Waylon Wilson

Čá••hu! – Is Anyone There?
Video Games, Place-Based Knowledge, and the Future Imaginary

Using painting and installation to bring an embodied, feminist practice into the long history of mapping space from the position of the body, I am interested in exploring how the body, with a particular focus on the permeability of its boundary, be used to think about larger systems of spatial organization and delineation.

This thesis considers how digital media can be designed to strengthen relationships to land. It uses the concept of the ‘future imaginary’ to address how Indigenous peoples might use digital media to reimagine their relationship to place-based knowledge.

A major component of this thesis is articulated through an original video game, Čá••hu! (Is Anyone There?) It is anchored in the geographic region of the “western door” of Tuscarora - Akunęhsyę•ni' (Haudenosauenee) territories, near Niagara Falls. My goal for the game was to illuminate ideas about traditional teachings and land. Čá••hu is based on the Akunęhsyę•ni' teaching Ha' Kanęherathęčreh (“Words Before All Else”), also known as the Thanksgiving Address.” The Ha' Kanęherathęčreh is recited when our people gather to “bring our minds together as one,” but it also demonstrates and reminds us of the non-hierarchical relationship between ourselves as humans and all other living things.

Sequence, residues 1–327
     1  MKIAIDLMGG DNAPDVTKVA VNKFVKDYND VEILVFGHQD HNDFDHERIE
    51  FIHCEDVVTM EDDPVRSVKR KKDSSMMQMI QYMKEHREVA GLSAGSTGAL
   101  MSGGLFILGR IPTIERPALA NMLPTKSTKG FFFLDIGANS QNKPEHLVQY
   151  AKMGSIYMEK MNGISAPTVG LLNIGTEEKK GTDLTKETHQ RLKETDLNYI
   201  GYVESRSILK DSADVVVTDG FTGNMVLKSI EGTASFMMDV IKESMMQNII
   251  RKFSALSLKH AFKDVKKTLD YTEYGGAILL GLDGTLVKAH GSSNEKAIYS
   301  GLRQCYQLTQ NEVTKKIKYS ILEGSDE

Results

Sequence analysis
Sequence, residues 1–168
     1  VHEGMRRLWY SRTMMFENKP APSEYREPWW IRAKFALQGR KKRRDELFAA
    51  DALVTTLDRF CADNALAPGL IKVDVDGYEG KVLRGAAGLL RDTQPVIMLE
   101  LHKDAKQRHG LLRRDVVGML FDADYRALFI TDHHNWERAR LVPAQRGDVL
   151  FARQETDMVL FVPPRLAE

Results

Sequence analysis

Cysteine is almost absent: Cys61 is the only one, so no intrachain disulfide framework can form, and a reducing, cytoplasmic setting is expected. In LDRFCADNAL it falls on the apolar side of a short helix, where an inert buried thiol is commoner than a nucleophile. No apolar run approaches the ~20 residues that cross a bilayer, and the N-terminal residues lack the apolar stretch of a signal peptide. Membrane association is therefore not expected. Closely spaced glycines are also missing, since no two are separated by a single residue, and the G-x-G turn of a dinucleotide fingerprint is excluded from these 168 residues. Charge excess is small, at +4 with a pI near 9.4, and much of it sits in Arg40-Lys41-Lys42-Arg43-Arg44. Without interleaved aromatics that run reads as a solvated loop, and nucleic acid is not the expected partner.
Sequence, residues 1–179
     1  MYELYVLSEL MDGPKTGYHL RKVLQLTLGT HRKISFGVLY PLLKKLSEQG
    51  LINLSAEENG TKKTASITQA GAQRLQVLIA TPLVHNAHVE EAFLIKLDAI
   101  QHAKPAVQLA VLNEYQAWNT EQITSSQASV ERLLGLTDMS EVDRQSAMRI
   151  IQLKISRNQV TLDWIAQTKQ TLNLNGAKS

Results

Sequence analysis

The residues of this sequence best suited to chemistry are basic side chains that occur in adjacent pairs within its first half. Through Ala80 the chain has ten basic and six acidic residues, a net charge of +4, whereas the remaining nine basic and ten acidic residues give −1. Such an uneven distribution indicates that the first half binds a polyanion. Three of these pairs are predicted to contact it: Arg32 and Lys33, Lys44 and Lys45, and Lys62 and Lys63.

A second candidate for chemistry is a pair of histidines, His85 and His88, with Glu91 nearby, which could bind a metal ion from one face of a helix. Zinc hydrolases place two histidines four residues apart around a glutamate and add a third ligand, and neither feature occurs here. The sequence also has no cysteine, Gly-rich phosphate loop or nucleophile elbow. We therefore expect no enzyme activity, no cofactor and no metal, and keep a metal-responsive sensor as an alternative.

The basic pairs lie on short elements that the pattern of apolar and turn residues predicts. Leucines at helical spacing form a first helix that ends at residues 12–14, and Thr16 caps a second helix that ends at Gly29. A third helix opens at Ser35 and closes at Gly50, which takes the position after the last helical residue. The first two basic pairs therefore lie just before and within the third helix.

Tuscarora, or Skarù•rę’ as we call ourselves, are known for our raised beadwork; a style of beadwork Skarù•rę’ women developed and sold at the brink of Niagara Falls, Luna and Three Sisters Island from the 1830s up to the 1960s. Tuscarora beadworkers sold beadwork and “Jitterbugs” throughout our territories as a means of economic and cultural survival. Jitterbugs are wire-framed people made of extra beads that would accumulate over time. Beadwork reflects temporally located knowledge that is part of an Akunęhsyę•ni' (Haudenosaunee) aesthetic resurgence, and has historic roots in the development and use of wampum. Čá••hu uses visual elements of historic and contemporary beadwork to create the digital game space.

Tuscarora youth learn to make Jitterbugs as their first attempt at beading. I look at Jitterbugs as constituting a Future Imaginary because it helps youth to connect to our history by stringing together a wire and beaded “being” to encourage their imaginations. Čá••hu bridges the distance between elders and youth, place-based knowledge and traditional teachings through the experiences of the Jitterbug figure (player) with the objective of transforming an environmentally devastated landscape to one of wellness.

As Skarù•rę’ ękwehę•we (real people) and a game maker, I utilize the Future Imaginary throughout my game development process while centering Akunęhsyę•ni' place-based knowledge. A major influence on this project has been video games categorized as “Critical Play” because of their focus on critiquing social issues. Critical Play is a methodology tha studies games and their contexts in order to examine how play establishes critical thinking. The gameplay or action in this game is based on a 3D platform and features an ‘open-world’ walking simulator that allows the player to explore storied landscapes through environmental storytelling.